“I came into the world a poor boy. I want to go out of this world a poor boy,” he says. “My resolve is to give it all back in gratitude for the opportunity I’ve had in the United States. I have been trying with my life, ever since I can remember, to try and create a more peaceful and humane world. And I want the money to go for that purpose. I realize it will not happen in my lifetime, because I’m trying to reverse thousands of years of tradition and glorification of war.”
The recipient of Ferencz’s largesse is the Holocaust Museum’s Simon-Skjodt Center for the Prevention of Genocide. “We’re planning to make sure the fight he has waged his whole life continues after he is gone. Ben has seen absolutely the worst of humanity,” says Cameron Hudson, director of the center. “He’s seen it up close, and to have this kind of faith in humanity, that we can overcome our most base impulses, is amazing.”
Ferencz has lived to see many more atrocities — Rwanda, Sudan, Syria. Still, he believes “we can reverse the glorification of war. We can change hearts and minds and hold individuals accountable.”
He remains frustrated that despots and terrorists are killed instead of tried in criminal courts to deter further aggression. He would have brought Saddam Hussein and Osama bin Laden to trial in international court.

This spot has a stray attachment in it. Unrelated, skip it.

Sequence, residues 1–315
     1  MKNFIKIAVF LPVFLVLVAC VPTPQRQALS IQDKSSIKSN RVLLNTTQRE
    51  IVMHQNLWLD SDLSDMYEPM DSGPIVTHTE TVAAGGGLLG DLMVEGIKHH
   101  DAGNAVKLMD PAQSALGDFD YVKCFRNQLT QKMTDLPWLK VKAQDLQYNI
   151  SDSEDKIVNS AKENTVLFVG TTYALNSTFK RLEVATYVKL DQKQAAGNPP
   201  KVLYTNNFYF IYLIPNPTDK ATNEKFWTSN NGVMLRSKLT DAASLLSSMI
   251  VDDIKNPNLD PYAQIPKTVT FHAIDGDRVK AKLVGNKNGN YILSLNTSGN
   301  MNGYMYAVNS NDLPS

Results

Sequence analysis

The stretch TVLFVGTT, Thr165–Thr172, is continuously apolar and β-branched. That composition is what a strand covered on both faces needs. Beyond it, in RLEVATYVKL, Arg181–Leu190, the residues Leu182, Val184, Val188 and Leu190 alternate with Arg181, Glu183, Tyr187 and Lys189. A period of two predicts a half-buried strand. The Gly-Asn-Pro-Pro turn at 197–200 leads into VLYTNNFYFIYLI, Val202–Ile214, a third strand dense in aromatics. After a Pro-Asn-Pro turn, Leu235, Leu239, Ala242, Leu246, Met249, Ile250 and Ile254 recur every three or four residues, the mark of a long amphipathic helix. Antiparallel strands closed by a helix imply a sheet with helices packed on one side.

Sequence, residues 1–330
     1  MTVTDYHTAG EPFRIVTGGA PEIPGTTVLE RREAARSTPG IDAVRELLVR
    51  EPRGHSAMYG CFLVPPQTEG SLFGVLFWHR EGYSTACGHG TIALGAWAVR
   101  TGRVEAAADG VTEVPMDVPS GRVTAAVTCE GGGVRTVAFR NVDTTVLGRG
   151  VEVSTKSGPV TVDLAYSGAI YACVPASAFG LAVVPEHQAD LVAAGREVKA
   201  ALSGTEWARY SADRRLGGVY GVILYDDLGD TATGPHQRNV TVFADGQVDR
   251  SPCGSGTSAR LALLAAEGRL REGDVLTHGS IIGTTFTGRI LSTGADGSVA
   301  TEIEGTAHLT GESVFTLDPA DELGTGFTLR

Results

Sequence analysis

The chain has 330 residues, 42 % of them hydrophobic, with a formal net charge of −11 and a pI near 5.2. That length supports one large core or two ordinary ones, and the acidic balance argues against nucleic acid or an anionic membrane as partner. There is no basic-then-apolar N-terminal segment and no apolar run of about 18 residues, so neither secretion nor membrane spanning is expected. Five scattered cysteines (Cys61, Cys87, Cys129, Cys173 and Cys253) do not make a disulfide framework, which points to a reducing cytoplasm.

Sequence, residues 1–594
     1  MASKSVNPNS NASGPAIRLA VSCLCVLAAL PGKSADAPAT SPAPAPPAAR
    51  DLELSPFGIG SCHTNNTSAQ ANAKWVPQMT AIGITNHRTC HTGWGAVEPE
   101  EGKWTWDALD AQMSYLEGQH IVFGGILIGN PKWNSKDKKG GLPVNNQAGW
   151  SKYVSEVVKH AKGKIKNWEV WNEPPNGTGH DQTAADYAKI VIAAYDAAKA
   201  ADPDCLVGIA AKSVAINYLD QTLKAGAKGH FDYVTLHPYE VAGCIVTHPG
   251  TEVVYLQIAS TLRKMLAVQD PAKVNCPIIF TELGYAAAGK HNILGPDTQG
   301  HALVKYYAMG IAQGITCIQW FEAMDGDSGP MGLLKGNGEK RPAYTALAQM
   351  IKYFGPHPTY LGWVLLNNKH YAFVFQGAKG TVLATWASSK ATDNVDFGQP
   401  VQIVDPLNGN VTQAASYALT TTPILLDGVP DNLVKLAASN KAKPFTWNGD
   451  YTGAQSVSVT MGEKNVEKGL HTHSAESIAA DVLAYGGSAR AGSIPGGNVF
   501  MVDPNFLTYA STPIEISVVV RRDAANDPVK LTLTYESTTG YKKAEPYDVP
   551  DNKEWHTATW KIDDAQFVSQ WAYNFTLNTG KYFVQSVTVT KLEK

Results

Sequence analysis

But he is also optimistic about civilization’s advances. “I have also lived through unbelievable change, that a woman is running for president, or that a man can marry a man — enormous, inconceivable transformations in my lifetime,” he says.
This is how Ferencz speaks, alternating between speeches about global peace and what he calls “Benny stories,” tales worthy of Sholem Aleichem if Aleichem had been raised in a Hell’s Kitchen cellar and gone to Harvard Law.The family moved to the United States when Ben was 10 months old. Ferencz’s father was a janitor who graduated to house painting. His parents were in an arranged family marriage — they were cousins — and later divorced. Crime was the neighborhood’s chief industry. An uncle told him, “You’ll either be a good lawyer or a good crook.” Ferencz attended City College, where bright immigrants went free in the 1930s. “I didn’t know any lawyers. I wanted to go to the best school,” he says.
Someone mentioned Harvard. Okay, Ferencz said, Harvard it is.
He wanted the best as insurance and protection, he says, to command respect. “Because I was very short. I was very small. Five-foot-two at the height of my height,” he says. “It kept me out of the Air Force. I wanted to be a pilot. I couldn’t reach the pedals. But, by chance, I had a very good education.”